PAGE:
Victorian Tiled Floor Balham Before Cleaning Victorian Tiled Floor Balham Before Cleaning

Cleaning the Victorian Floor Tiles

Initially the floor was cleaned using a dilution of Tile Doctor Pro-Clean mixed 50:50 with NanoTech UltraClean which had been left to dwell for 20 minutes before being agitated using a rotary machine fitted with a buffing pad. I used a wet vacuum to remove the dirty cleaning solution and then realising something more powerful would be required to shift the stubborn stains and paint marks. To rectify this I applied a Tile Doctor Remove and Go which is a coatings remover and left it to dwell on the Victorian tile for forty minutes before applying plenty of elbow grease. This did the trick to remove the paint and glue etc. so I worked across the floor in sections applying the same treatment until the floor was completely clean.

Once it had all been removed I gave the whole floor a scrub with Tile Doctor Grout Clean-Up and this brightened up the colours and finally I gave the floor a very thorough rinse with clean water to remove any remaining cleaning product that might have an adverse effect on the sealer. I left the floor to dry over the weekend and returned on the following Monday to seal it, but first I carried out a couple of repairs because some of the tiles were loose so I reset them in cement.

Sealing Victorian Tiled Floor tiles

On my return I sealed the floor using two coats of Tile Doctor Colour Grow which is a penetrating sealer that provides maximum stain protection whilst bringing out the colour in the stone.

Victorian Tiled Floor Balham After Cleaning Victorian Tiled Floor Balham After Cleaning

All the customer could say was AMAZING I didn’t think it was possible to get like this.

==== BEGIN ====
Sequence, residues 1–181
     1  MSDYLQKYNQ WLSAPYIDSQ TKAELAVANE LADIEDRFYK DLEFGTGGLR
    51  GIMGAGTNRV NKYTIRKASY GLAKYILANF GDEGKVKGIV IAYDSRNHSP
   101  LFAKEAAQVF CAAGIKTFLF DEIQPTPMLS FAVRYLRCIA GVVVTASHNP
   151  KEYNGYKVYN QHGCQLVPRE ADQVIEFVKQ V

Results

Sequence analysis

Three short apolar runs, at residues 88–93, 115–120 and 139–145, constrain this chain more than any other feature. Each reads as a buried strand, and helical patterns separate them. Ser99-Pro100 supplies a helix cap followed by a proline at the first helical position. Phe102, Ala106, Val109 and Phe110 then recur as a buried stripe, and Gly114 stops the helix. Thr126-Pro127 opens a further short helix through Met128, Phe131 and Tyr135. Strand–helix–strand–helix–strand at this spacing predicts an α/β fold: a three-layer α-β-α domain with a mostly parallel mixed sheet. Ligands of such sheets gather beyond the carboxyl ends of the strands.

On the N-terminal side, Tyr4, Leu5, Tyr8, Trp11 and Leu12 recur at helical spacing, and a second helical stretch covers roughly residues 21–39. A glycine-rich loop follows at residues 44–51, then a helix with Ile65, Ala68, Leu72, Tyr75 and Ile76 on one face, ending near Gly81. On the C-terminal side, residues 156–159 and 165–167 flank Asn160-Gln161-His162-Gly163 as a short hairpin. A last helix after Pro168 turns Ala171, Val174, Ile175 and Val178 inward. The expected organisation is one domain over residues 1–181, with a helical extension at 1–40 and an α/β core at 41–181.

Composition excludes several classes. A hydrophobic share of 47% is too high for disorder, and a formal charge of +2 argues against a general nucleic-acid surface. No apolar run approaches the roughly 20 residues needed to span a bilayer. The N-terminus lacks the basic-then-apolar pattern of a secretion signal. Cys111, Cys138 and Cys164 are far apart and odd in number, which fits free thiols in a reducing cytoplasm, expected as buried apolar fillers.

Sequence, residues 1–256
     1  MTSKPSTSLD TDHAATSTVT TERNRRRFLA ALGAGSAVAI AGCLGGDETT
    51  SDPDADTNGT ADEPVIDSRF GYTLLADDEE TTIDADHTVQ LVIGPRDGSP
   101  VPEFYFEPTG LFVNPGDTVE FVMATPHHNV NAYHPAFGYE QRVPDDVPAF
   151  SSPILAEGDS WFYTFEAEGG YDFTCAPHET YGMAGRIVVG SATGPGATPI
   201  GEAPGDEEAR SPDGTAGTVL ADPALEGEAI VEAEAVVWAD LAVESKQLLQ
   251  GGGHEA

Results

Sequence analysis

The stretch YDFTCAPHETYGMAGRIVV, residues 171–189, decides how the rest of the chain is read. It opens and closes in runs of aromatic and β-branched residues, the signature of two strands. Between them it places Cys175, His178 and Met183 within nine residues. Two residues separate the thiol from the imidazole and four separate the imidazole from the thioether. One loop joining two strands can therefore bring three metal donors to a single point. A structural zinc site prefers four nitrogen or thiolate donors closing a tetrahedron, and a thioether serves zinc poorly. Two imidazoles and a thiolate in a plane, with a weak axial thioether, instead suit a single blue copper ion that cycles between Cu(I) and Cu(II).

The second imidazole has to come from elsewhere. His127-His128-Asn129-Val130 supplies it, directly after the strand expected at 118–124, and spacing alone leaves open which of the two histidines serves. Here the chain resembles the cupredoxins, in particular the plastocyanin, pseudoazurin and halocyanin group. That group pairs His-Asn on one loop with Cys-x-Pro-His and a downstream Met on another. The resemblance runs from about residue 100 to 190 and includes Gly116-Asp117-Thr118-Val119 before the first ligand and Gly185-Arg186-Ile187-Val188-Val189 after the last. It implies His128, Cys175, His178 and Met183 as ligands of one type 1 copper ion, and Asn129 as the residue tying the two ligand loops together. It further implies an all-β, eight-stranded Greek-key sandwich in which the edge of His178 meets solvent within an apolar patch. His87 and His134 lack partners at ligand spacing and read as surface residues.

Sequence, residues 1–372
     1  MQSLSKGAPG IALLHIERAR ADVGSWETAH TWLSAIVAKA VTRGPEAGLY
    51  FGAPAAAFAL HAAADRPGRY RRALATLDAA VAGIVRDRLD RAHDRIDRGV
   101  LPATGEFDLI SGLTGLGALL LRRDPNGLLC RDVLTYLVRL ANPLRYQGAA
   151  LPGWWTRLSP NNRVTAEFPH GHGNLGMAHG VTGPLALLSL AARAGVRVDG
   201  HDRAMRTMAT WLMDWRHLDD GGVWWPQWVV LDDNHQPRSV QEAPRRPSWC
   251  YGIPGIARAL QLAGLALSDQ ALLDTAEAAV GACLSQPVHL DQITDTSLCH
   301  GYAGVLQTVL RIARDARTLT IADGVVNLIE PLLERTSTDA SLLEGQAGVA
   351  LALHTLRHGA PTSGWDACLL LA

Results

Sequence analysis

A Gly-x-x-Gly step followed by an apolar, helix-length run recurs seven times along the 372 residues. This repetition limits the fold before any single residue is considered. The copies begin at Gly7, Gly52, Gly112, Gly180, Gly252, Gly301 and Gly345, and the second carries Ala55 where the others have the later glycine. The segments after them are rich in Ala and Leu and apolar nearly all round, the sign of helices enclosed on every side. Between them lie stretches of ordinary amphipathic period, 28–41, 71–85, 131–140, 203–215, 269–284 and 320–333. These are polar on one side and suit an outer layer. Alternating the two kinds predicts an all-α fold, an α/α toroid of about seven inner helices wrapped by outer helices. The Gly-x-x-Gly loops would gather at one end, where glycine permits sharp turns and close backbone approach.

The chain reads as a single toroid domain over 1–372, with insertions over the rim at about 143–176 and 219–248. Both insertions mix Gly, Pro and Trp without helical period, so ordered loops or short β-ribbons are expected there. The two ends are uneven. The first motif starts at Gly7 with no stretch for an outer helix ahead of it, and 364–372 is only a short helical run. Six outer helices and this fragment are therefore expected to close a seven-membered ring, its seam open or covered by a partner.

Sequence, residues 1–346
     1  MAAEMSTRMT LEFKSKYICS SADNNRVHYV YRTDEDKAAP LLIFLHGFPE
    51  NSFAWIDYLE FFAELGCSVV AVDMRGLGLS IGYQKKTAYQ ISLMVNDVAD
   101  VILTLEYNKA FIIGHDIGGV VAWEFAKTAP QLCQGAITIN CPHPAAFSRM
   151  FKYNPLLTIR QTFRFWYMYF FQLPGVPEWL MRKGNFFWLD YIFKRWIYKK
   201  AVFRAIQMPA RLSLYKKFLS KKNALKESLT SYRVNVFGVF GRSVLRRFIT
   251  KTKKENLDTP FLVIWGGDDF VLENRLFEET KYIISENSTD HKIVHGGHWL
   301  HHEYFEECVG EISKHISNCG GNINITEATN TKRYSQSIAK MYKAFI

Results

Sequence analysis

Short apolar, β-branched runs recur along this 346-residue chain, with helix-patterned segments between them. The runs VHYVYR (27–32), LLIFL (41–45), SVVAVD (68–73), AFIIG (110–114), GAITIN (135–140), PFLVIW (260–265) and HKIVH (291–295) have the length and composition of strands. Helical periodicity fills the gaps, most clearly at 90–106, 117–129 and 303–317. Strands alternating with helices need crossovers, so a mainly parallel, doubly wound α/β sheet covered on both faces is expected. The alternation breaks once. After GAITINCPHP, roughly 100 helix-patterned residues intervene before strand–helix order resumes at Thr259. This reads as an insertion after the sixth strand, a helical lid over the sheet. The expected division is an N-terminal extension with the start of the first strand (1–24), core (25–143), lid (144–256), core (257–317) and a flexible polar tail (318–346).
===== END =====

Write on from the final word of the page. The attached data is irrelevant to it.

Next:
Source: Cleaning Victorian Floor Tiles in Surrey

Replacing Missing Victorian Tiles

This large entrance hall tiled in Victorian black and white floor tiles in London W2 had been quite badly damaged in the past by having a carpet glued and nailed on to it. Many tiles were broken or missing and those missing had been replaced by cement.

Victorian-Tile-Before-Cleaning-in-London.jpg

Cleaning a Victorian Floor

On the first day of this three day job I removed the cement filling and extracted the nails that remained in the floor. I then stabilised the exposed area with a PVA solution before replacing the missing tiles with replica or salvaged ones to match the floor was swept out and vacuumed to remove all loose debris.

On the second day I cleaned the floor, removing the old carpet glue with Tile Doctor “Remove and Go” which was left to dwell onto the tile for a while to allow it to soak into the tile and break down the adhesive; this was then removed with a wet vacuum. The next step was to clean the tiles using Tile Doctor Pro-Clean which was worked in with a black srubbing pad to scrub the cleaning solution into the tile and finish off the cleaning process, again the soiled solution was removed with a wet vacuum. Normally by now the floor would of have been clean however In this case the levels of soaked-in old glue and ground-in dirt from decades of use were such that the floor also required steaming, scraping and wire brushing with a Spid brass wire brush before a final clean with another round of Pro-Clean and a black buffing pad fitted to a Numatic buffing machine. This had the desired affect and the last step was to wash the floor down with clean water to remove any remaining chemicals etc.

Sealing a Victorian Floor Sealing

After leaving the floor to dry overnight I came back the third day to seal the floor using four coats of Tile Doctor Seal and Go which is ideal for Victorian tiled floors as it leaves a low sheen finish whilst providing excellent stain protection.

Victorian-Tile-After-Cleaning-in-London

As you can see from the ‘before’ and ‘after’ photos the results were impressive and the customer described it as, “looking great”.
 
 
Source: Victorian tile restoration in Central London